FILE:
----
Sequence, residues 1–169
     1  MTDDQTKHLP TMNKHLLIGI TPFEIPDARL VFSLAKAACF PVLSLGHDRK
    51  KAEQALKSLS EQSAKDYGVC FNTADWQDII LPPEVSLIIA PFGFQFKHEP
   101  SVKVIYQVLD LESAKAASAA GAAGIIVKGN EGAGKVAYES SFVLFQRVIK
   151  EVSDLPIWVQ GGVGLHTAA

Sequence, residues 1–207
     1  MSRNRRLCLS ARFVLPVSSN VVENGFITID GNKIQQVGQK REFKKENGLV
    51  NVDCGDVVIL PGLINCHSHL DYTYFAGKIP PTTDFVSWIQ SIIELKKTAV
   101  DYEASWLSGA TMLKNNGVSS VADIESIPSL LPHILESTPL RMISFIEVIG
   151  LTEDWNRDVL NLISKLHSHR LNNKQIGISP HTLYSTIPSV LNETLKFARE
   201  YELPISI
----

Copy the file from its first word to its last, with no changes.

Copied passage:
Sequence, residues 1–169
     1  MTDDQTKHLP TMNKHLLIGI TPFEIPDARL VFSLAKAACF PVLSLGHDRK
    51  KAEQALKSLS EQSAKDYGVC FNTADWQDII LPPEVSLIIA PFGFQFKHEP
   101  SVKVIYQVLD LESAKAASAA GAAGIIVKGN EGAGKVAYES SFVLFQRVIK
   151  EVSDLPIWVQ GGVGLHTAA

Sequence, residues 1–207
     1  MSRNRRLCLS ARFVLPVSSN VVENGFITID GNKIQQVGQK REFKKENGLV
    51  NVDCGDVVIL PGLINCHSHL DYTYFAGKIP PTTDFVSWIQ SIIELKKTAV
   101  DYEASWLSGA TMLKNNGVSS VADIESIPSL LPHILESTPL RMISFIEVIG
   151  LTEDWNRDVL NLISKLHSHR LNNKQIGISP HTLYSTIPSV LNETLKFARE
   201  YELPISI